Decision support system development for human extravehicular activity
Miller, Matthew James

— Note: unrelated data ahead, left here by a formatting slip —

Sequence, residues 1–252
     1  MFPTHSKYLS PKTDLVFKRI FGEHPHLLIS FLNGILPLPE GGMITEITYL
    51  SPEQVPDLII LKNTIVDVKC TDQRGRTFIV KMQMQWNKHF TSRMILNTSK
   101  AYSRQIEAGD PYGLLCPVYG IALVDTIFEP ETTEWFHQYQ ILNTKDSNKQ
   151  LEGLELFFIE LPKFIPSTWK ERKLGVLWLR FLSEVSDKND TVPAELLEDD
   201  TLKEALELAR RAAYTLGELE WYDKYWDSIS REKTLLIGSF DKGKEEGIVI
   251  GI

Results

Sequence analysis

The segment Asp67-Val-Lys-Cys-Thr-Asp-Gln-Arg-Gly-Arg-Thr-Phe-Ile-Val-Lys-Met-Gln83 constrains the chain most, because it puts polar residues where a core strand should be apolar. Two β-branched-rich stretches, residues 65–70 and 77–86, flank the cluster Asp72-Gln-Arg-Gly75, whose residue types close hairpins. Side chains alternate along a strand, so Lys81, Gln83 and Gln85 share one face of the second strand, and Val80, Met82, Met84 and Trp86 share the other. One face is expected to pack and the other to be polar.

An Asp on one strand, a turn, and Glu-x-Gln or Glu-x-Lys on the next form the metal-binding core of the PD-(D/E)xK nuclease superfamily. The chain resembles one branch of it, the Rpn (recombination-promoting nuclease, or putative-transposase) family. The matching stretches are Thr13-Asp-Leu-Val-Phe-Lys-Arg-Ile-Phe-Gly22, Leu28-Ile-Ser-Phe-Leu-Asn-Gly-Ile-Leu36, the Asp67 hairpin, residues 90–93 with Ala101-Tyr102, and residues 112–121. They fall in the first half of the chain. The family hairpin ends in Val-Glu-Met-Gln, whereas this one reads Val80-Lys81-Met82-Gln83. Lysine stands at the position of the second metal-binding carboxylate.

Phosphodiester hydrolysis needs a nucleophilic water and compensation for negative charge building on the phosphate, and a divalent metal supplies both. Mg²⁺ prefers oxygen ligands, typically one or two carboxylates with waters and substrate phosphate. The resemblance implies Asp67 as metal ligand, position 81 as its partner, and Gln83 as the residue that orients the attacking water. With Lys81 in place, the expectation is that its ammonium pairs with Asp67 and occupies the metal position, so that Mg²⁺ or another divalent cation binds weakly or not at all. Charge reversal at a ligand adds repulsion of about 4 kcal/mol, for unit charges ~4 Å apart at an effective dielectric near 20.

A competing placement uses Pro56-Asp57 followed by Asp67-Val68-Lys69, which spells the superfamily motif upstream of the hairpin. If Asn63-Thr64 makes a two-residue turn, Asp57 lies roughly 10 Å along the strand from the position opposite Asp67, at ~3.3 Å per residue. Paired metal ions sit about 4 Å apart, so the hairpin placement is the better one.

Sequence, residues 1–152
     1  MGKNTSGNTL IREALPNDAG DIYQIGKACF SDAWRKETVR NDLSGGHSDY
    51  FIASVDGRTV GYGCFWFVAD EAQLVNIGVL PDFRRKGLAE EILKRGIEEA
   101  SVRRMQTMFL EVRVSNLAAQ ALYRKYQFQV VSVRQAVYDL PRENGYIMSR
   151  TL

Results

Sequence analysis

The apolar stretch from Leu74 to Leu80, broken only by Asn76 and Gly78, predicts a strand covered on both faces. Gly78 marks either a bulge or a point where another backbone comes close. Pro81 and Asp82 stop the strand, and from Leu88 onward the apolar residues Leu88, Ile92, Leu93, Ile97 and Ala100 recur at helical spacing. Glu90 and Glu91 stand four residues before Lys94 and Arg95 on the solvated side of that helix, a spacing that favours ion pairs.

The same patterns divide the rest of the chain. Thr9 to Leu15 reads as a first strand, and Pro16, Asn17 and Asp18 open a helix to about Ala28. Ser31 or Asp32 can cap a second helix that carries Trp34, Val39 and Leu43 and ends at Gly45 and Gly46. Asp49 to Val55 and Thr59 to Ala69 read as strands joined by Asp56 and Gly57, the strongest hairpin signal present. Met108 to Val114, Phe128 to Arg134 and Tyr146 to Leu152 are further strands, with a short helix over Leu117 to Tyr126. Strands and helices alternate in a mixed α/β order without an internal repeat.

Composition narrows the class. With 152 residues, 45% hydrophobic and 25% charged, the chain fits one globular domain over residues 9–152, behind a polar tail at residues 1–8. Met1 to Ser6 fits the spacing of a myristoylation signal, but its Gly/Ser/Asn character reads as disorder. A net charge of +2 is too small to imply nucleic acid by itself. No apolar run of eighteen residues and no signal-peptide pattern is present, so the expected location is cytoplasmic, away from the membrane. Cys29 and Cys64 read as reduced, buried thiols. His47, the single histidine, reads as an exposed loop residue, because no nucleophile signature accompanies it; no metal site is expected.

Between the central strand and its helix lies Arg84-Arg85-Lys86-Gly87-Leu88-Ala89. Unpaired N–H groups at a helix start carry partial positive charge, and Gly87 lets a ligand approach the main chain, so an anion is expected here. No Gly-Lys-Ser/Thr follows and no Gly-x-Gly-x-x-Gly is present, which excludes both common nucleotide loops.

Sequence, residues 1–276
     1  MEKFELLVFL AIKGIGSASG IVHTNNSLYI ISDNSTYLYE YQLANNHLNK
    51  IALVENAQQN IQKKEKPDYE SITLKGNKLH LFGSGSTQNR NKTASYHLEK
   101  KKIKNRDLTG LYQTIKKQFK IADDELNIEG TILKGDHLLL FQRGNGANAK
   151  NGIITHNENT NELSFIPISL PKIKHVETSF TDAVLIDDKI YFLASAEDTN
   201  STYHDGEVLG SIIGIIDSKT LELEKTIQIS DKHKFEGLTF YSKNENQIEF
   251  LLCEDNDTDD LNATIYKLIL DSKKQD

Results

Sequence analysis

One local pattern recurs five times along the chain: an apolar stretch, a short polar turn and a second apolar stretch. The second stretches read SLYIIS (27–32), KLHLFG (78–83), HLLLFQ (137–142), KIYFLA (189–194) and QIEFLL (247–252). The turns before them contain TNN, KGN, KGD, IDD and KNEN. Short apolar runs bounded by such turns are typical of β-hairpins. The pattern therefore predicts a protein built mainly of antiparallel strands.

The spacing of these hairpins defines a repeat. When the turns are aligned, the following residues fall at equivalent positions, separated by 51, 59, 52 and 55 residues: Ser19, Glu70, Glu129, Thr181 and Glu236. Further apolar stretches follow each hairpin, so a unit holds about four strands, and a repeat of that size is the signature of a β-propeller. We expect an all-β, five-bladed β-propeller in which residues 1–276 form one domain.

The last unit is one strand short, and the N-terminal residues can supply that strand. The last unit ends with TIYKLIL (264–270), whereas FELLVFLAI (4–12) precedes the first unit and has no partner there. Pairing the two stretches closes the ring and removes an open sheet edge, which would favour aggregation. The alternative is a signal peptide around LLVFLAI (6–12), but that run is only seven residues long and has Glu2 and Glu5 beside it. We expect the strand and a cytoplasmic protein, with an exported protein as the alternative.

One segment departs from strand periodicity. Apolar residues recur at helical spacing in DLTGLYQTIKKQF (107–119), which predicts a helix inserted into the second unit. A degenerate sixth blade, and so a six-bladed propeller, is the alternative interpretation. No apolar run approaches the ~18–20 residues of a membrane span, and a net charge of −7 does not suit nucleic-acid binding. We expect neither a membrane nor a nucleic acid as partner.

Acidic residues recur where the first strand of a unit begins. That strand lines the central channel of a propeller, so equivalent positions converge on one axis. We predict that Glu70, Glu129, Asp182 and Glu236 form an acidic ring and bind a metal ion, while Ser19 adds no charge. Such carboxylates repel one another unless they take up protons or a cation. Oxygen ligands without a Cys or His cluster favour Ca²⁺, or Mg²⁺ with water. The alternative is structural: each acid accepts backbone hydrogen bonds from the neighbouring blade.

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Human spaceflight is arguably one of mankind's most challenging engineering feats, requiring carefully crafted synergy between human and technological capabilities. One critical component of human spaceflight pertains to the activity conducted outside the safe confines of the spacecraft, known as Extravehicular Activity (EVA). Successful execution of EVAs requires significant effort and real-time communication between astronauts who perform the EVA and the ground personnel who provide real-time support. As NASA extends human presence into deep space, the time delay associated with communication between the flight crew and Earth-bound support crew will cause a shift from real-time to delayed communication. A decision support system (DSS) is one possible solution to enhance astronauts’ capability to identify, diagnose, and recover from time critical irregularities during EVAs without relying on real-time ground support. The contributions of this thesis are two fold. The first is domain specific and addresses the known deficiencies that will impact future human EVA operations. The second is methodological and generalizable across many domains. This thesis demonstrates that Cognitive Work Analysis (CWA) can be applied to yield design insight in the form of high level design requirements amenable to traditional systems engineering. Beginning with the first two phases of CWA, a broad work domain analysis of EVA is made to identify the system constraints on EVA operations. Subsequently, Control Task Analysis models were developed that yielded a set of DSS design requirements in the form of cognitive work and information relationship requirements which reflect the underlying states of knowledge associated with supporting EVA operations. Furthermore, this thesis demonstrates how a subset of those requirements, along side envisioning and testing within a future work context, can yield prototype DSS designs suitable for supporting future EVA operations. Finally, this thesis included a human-subject study to evaluate the resultant prototypes against the requirements to demonstrate both validity of the requirements and the verification of the design. As a result, this thesis contributes the underlying science needed to design a DSS within the EVA work domain for future mission operations.